Horowhenua Chronicle has had more stories of a mystery noise that is causing Levin residents to lose sleep.

Since publishing an article last week of Levin man Gary Madsen and his battle with a mystery noise keeping him awake, Horowhenua Chronicle had taken several calls from residents who hear the same sound.

Fellow Levin resident Andrew Vince had read the article on Mr Madsen, who he said he did not know, and wanted to publically assure him that he wasn't going mad.

"I just want to back him up one hundred per cent," he said

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Mr Vince also wanted to share how strongly he felt about the noise and to share with others the effect it was having on his life.

"I started hearing it about a year ago, the same time as that guy in your story...I was rapt to see that article," he said.

"I put up with it for a couple of weeks. I thought it might have been the vibrations of water pipes, or a power thing."

"Ear plugs do nothing," he said.

"The only way I can cope is to drive it out with more noise."

Where Mr Vince and Mr Madsen differed was when they heard the noise. Mr Madsen was aware of it becoming audible in the early hours of the morning, while Mr Vince said for him the noise was constant.

"I've been and had hearing checks, too."

Both men had contacted Horowhenua District Council about the noise, but its noise control division was unable to detect any offensive sound with their equipment.

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Mr Vince wondered if the frequency of the sound was too low for their equipment to detect.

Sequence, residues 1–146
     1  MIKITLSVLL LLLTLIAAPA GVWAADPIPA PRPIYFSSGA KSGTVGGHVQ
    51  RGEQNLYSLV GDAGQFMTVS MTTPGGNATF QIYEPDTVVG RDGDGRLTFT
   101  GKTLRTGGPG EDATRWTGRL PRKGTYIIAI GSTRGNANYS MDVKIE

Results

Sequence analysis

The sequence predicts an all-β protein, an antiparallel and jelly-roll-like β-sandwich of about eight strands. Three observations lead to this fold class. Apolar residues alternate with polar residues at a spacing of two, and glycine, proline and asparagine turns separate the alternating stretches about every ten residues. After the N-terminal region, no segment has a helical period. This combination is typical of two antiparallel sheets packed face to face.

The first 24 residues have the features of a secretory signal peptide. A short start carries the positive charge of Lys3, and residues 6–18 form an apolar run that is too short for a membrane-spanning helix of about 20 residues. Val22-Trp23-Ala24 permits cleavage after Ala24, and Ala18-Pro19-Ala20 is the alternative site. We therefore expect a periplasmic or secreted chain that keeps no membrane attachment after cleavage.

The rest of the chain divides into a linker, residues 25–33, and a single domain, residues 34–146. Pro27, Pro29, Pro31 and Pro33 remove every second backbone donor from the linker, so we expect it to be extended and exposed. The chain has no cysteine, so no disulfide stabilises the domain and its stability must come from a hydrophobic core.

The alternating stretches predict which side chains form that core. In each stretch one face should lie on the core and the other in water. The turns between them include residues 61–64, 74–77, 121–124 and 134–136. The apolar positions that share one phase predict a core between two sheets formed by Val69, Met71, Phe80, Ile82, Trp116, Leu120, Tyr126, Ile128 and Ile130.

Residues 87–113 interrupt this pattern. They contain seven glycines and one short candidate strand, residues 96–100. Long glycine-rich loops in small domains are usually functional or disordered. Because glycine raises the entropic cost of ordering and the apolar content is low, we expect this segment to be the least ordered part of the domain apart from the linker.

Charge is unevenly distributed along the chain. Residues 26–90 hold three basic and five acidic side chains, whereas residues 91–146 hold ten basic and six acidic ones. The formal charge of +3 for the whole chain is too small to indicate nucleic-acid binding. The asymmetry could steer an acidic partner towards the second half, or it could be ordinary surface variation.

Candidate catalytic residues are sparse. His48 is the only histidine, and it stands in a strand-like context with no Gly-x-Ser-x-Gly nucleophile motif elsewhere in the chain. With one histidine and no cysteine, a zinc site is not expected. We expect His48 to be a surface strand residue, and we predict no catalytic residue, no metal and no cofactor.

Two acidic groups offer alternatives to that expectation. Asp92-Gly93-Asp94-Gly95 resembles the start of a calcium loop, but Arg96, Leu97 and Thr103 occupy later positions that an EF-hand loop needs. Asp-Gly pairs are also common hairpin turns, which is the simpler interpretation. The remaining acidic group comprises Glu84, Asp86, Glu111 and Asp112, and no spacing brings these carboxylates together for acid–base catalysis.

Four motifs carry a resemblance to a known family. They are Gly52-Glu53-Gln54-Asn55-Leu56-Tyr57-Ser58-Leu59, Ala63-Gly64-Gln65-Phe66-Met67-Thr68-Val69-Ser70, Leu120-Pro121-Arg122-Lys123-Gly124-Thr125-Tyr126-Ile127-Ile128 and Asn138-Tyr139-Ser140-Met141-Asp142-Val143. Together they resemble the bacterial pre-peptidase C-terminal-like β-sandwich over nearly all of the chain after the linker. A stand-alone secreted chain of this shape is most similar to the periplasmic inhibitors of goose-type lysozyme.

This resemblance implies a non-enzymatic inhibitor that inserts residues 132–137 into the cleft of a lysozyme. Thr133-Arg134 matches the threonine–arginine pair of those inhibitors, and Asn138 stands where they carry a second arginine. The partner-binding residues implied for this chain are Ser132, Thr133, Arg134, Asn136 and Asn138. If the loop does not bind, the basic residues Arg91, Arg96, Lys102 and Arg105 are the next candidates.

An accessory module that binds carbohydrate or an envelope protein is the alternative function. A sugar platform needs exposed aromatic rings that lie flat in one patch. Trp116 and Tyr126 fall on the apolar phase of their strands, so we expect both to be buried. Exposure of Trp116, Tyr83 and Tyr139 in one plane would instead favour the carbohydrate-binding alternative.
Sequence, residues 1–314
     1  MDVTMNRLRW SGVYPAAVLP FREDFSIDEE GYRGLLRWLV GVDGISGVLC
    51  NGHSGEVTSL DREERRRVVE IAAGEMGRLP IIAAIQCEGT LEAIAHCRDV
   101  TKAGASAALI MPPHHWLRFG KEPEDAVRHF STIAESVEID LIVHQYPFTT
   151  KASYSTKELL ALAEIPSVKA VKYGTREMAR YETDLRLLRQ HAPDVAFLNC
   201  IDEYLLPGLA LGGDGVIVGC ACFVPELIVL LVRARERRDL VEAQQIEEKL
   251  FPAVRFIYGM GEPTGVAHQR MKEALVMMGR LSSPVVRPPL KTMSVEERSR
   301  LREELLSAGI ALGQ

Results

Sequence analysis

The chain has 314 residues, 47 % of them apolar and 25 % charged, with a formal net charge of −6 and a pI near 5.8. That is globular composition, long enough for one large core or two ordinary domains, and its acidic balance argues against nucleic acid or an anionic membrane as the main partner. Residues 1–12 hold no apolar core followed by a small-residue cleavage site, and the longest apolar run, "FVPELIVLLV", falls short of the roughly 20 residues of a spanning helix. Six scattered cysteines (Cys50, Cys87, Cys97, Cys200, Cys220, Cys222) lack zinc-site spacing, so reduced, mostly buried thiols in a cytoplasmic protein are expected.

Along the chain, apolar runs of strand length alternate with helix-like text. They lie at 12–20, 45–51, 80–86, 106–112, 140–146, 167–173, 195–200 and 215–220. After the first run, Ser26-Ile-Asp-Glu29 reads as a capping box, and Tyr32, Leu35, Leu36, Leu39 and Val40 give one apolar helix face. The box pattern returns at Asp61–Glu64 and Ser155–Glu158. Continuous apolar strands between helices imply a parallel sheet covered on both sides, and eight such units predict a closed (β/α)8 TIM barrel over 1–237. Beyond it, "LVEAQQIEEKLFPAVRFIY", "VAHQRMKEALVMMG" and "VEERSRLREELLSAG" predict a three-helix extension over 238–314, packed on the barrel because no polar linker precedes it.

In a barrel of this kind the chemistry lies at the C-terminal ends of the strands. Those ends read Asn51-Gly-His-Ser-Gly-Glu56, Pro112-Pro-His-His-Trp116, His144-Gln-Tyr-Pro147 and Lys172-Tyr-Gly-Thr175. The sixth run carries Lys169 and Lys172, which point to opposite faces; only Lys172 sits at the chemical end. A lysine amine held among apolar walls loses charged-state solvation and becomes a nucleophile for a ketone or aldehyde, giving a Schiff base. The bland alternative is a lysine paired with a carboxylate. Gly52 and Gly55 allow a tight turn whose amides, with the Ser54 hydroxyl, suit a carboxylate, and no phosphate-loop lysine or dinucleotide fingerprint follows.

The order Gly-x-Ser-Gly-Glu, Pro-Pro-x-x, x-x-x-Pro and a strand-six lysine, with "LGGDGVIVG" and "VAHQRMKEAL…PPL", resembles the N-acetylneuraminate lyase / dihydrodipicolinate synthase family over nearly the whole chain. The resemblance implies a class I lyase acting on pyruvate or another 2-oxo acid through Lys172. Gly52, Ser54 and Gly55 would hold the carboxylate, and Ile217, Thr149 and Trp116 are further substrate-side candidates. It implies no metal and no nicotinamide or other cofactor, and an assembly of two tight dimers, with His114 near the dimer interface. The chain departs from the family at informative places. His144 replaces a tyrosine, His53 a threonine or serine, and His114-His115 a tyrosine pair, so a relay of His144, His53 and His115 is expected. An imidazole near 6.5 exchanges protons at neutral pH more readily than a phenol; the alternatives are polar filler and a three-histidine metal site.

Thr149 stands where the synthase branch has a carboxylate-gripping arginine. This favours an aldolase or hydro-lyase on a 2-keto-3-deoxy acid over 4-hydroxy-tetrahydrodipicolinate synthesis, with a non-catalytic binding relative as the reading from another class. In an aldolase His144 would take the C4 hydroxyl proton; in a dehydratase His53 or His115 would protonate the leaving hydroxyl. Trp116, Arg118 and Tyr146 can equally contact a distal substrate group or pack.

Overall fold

Several other residents had contacted Horowhenua Chronicle since reading the Mr Madsen article, but declined to be named, only wanting to confirm that they hear the noise too.

Callers were from different parts of town, although there did seem to be a swarm centred near the industrial area of the town's south-east.

Meanwhile, it wasn't the first time that reports of a low-humming noise had surfaced in New Zealand.

In 2006, some Auckland residents reported hearing a mystery "low-rumbling hum," with one so badly affected they considered selling up and moving to a new town.

Symptoms were similar to that of someone suffering from tinnitus, a complaint commonly associated with ringing ears.

In 2012, residents of Mt Victoria, Mt Cook and Newtown in Wellington complained of a low humming noise that was likened to the sound created when you blow across the mouth of a glass bottle.

Mysterious low frequency noises were also reported heard in Tauranga in November last year.